Low maintenance, evergreen and drought tolerant, sedums are perfect for containers. So, it’s no surprise that large ceramic bowls and stone troughs with a collection of low-growing hardy sedum are ever-popular, whether for a small balcony or a large patio. These mat-forming succulents spread out, creating a gorgeous tapestry of leaves, and often produce fabulous star-shaped flowers in summer in a range of colours, from pink to yellow, which butterflies and bees love.
Hardy sedum, also known as stonecrop, are a varied group of plants with different leaf forms and colours from grey to green and purple to pink, providing masses of opportunity for creating miniature landscapes. They often add a trailing element to your arrangement. Some have tiny needle-like leaves such as Sedum rupestre ‘Angelina’ which forms a mat of succulent golden-yellow leaves and clusters of yellow starry flowers in summer. S. relexum ‘Blue Spruce’ has silvery-blue needle-like leaves and Sedum spathulifolium ‘Cape Blanco’ also has grey-green leaves. For contrast, S. 'Coccineum' has small, red-flushed green leaves and flat clusters of star-shaped crimson flowers in the summer and S. spurium ‘Dragon’s Blood’ sedum has dark purple leaves.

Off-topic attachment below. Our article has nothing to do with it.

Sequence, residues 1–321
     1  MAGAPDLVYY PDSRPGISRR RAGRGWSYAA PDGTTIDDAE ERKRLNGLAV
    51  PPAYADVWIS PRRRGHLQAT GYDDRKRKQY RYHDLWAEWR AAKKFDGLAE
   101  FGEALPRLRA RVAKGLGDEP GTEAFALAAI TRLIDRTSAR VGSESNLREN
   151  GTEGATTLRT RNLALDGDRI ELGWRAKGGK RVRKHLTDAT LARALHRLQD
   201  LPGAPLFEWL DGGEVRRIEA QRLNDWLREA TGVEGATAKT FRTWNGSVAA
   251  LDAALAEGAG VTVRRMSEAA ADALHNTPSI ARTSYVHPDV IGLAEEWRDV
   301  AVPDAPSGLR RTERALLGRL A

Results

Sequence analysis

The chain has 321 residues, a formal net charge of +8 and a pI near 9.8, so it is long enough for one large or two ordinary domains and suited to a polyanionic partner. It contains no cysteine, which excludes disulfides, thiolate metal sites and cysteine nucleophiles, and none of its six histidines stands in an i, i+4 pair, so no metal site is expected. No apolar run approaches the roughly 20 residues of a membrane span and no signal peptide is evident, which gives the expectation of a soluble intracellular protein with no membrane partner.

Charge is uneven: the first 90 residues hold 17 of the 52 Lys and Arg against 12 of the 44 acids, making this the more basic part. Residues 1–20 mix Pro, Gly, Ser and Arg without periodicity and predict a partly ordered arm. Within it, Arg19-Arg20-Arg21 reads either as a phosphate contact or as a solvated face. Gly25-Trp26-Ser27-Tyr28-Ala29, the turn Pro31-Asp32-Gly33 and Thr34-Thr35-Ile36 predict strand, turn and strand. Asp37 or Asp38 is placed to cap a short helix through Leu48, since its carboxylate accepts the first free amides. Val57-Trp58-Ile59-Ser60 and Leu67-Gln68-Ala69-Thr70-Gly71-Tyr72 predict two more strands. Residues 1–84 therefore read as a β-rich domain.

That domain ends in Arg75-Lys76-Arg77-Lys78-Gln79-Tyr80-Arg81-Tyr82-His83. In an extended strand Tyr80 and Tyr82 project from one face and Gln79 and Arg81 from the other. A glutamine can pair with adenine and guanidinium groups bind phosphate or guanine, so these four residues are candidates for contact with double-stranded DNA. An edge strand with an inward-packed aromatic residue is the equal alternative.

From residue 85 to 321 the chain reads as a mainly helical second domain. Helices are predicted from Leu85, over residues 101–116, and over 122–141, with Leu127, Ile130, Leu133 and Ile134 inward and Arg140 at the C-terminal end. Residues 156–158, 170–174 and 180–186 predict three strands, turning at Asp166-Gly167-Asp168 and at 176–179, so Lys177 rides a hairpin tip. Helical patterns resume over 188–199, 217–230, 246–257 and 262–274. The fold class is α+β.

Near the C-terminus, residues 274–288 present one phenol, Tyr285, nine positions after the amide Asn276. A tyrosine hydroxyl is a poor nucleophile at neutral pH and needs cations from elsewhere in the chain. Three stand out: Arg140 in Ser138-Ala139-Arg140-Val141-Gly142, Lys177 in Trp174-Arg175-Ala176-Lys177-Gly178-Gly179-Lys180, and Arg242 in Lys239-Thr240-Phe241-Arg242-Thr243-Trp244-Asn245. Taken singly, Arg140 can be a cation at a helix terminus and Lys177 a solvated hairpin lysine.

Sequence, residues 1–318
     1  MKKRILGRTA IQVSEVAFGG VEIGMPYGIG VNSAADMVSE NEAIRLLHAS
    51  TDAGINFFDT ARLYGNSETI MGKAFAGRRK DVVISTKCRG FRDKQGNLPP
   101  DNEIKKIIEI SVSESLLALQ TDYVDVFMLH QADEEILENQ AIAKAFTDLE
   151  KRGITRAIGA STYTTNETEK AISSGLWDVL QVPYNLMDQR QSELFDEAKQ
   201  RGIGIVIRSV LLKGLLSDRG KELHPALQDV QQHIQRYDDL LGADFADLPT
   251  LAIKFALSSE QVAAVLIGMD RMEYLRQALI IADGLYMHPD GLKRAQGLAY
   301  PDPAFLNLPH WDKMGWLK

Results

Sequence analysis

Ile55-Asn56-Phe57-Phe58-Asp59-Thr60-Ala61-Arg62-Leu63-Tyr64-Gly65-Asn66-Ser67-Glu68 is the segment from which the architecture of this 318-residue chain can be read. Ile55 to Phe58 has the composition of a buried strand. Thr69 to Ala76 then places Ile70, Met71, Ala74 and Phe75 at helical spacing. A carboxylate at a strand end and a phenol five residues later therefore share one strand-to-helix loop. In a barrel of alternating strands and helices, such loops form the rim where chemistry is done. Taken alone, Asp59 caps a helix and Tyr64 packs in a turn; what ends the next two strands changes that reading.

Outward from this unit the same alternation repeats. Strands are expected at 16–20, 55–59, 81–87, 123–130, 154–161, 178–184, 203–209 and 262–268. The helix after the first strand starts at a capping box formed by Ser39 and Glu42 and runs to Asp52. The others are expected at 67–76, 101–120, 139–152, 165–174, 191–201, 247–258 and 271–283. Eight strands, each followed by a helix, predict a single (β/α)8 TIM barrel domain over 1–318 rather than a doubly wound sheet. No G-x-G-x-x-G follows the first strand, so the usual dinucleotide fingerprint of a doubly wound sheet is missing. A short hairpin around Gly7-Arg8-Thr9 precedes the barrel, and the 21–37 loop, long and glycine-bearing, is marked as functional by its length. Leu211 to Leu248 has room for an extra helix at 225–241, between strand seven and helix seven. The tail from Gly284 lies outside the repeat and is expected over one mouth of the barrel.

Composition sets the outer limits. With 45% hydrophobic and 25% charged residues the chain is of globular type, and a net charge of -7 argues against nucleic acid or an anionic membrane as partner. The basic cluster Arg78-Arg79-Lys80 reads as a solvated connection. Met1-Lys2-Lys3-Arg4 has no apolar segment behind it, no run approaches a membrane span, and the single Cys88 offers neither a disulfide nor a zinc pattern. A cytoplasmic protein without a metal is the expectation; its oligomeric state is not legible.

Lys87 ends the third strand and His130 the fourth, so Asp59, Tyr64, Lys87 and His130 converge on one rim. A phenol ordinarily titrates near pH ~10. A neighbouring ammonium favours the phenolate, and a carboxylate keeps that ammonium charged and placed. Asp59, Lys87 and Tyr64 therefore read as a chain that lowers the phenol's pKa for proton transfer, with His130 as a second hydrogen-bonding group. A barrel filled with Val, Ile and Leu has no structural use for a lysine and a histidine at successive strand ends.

Sedum work well with sempervivum, which like similar conditions, their rosettes of fleshy leaves adding a coarser leaf texture. Like sedum, they spread with tiny new plants appearing in a circle around the main plant. Again, there are hundreds of varieties in green through to bronze, purple and red. Sempervivum 'Cosmic Candy' has pink-leaved rosettes and Sempervivum arachnoideum has fleshy rosettes of green leaves with cobwebby white hairs at the tips and starry pink flowers on stems.
Succulents have shallow roots, so you don’t need a very deep pot. Use a good free draining compost mix, water moderately in the growing season and cut back spreading species after flowering if needs be. Pop your container somewhere sunny – and enjoy!